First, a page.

The United Nations Office of the High Commission for Human Rights (UN OHCHR) in consultation with diverse stakeholders has proposed the following indicators for monitoring the human right to water and sanitation. See attached PDF. For more information on UN OHCHR human rights indicators follow the below link.

HRWS: Comment from Human Rights Campaigner

Hi, I'd like to make this comment in reference to the adequacy of using a country's voting decision for the UN General Resolution as a means to evaluating its right to wat/san obligations. As the recent statement on Detroit by the UN Special Rapporteurs on wat/san and housing explains, the US has obligations to the right to wat/san found in various treaties/conventions. A country's obligations with regard to the right are not based in the UN General Resolution, which brought together pre-existing international law as contained in existing treaties /conventions to recognise the right as a right in and of itself - however, my understanding is that the resolution itself does not constitute international law. Given the below extract from the statement, I think it may be better to list (crucially, alongside national recognition/realisation) relevant international treaties/conventions which explicitly or implicitly include obligations around the right to wat/san, and also whether or not they have been ratified by given states. The US is not a signatory to the International Covenant on Economic, Social and Cultural Rights, which I believe would be a key convention for many countries, but as the statement demonstrates it does have commitments through the Universal Declaration of Human Rights, United Nations Convention on Elimination of Racial Discrimination and International Covenant on Civil and Political Rights. "The United States is bound by international human rights law and principles, including the right to life as well as the right to non-discrimination with respect to housing, water and sanitation and the highest attainable standard of health... The United States has ratified the United Nations Convention on Elimination of Racial Discrimination which explicitly prohibits and calls for the elimination of racial discrimination in relation to several human rights directly affected by water disconnections, including the right to housing and the right to public health... The human rights to safe drinking water and sanitation and to adequate housing both derive from the right to an adequate standard of living which is protected under, inter alia, article 25 of the Universal Declaration of Human Rights which is fully applicable to the United States. In addition, adequate housing and access to safe water are clearly essential to maintain life and health, and the right to life is found in treaties the United States has ratified, including the International Covenant on Civil and Political Rights." Link to full statement on Detroit by the UN Special Rapporteurs below.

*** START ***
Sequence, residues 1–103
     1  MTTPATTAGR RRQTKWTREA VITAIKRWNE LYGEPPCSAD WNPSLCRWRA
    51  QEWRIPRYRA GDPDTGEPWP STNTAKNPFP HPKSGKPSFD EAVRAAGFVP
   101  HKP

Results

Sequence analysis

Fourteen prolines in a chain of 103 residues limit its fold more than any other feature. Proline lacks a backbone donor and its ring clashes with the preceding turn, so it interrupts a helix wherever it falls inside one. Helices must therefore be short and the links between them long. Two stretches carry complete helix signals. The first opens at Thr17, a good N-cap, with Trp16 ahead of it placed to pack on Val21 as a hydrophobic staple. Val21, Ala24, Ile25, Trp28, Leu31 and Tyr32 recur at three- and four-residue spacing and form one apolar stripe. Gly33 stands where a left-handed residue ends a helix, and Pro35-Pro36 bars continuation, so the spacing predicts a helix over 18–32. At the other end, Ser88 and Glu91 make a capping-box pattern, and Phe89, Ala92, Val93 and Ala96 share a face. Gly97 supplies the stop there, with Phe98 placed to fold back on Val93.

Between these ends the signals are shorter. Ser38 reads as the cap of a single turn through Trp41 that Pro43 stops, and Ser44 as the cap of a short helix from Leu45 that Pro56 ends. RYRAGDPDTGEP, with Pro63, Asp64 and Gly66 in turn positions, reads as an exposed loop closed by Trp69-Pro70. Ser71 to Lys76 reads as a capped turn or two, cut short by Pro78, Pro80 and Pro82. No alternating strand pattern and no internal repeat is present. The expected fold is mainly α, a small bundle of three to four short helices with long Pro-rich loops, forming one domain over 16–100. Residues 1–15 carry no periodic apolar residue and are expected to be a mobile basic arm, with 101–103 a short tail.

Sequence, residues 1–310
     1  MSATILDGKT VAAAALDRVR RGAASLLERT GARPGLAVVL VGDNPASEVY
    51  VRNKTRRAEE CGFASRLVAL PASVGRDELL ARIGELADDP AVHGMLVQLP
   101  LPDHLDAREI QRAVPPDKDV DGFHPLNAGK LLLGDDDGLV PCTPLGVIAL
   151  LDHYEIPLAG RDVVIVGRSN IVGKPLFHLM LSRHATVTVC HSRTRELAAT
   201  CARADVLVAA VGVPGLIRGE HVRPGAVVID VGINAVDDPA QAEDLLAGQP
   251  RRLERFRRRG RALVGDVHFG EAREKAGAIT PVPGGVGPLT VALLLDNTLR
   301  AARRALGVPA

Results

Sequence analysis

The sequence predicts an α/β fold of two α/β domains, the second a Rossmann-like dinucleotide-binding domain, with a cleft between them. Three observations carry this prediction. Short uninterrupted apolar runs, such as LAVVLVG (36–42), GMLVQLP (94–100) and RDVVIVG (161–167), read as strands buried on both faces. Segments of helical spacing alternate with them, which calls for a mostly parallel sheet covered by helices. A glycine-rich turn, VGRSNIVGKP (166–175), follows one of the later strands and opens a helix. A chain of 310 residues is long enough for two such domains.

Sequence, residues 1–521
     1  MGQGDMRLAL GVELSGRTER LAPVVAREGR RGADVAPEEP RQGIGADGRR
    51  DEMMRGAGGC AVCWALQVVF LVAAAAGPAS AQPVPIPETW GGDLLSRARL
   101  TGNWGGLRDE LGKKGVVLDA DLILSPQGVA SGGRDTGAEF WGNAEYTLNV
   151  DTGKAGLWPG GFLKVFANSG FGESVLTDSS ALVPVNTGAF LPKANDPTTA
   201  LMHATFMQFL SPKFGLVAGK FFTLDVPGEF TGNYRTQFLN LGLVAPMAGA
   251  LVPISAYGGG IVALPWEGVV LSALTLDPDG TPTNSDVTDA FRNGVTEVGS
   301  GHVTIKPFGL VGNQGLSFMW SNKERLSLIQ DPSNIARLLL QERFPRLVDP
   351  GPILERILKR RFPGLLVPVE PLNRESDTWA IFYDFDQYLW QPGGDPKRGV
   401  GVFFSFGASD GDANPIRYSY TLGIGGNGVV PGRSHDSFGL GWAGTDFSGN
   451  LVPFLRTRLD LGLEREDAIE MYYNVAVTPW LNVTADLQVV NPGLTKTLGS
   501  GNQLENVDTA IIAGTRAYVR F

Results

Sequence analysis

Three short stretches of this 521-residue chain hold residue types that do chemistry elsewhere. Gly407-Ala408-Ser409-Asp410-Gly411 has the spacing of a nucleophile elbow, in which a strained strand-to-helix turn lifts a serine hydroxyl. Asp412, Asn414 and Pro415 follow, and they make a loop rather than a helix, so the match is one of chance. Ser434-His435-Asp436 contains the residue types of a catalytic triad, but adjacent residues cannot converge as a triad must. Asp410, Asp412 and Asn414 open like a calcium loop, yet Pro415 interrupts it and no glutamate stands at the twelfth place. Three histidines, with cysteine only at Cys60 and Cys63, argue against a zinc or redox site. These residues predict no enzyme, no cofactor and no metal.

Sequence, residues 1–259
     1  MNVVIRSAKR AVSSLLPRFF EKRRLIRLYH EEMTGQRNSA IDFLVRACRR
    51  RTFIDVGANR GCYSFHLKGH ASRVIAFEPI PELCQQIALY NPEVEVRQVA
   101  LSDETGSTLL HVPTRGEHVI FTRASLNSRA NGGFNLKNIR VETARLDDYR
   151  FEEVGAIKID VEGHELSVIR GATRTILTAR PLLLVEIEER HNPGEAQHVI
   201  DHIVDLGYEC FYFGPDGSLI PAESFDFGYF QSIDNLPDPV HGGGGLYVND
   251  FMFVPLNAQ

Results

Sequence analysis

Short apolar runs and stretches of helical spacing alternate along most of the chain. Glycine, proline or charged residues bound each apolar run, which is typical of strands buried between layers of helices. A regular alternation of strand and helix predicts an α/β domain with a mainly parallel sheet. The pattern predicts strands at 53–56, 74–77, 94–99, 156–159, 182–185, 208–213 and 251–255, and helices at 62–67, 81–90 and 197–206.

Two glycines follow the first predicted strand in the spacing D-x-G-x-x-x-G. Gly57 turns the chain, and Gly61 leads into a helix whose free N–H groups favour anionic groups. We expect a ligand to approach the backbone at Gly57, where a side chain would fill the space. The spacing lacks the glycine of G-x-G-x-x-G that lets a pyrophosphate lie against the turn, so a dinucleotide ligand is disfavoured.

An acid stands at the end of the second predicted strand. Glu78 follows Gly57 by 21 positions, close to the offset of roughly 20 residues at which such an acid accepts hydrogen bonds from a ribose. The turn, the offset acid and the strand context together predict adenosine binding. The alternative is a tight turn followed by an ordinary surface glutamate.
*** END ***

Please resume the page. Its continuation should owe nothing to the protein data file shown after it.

UN General Assembly Adopts Right to Water and Sanitation

The following piece of evidence provides details of the proceedings for the General Assembly adoption of the human right to water and sanitation.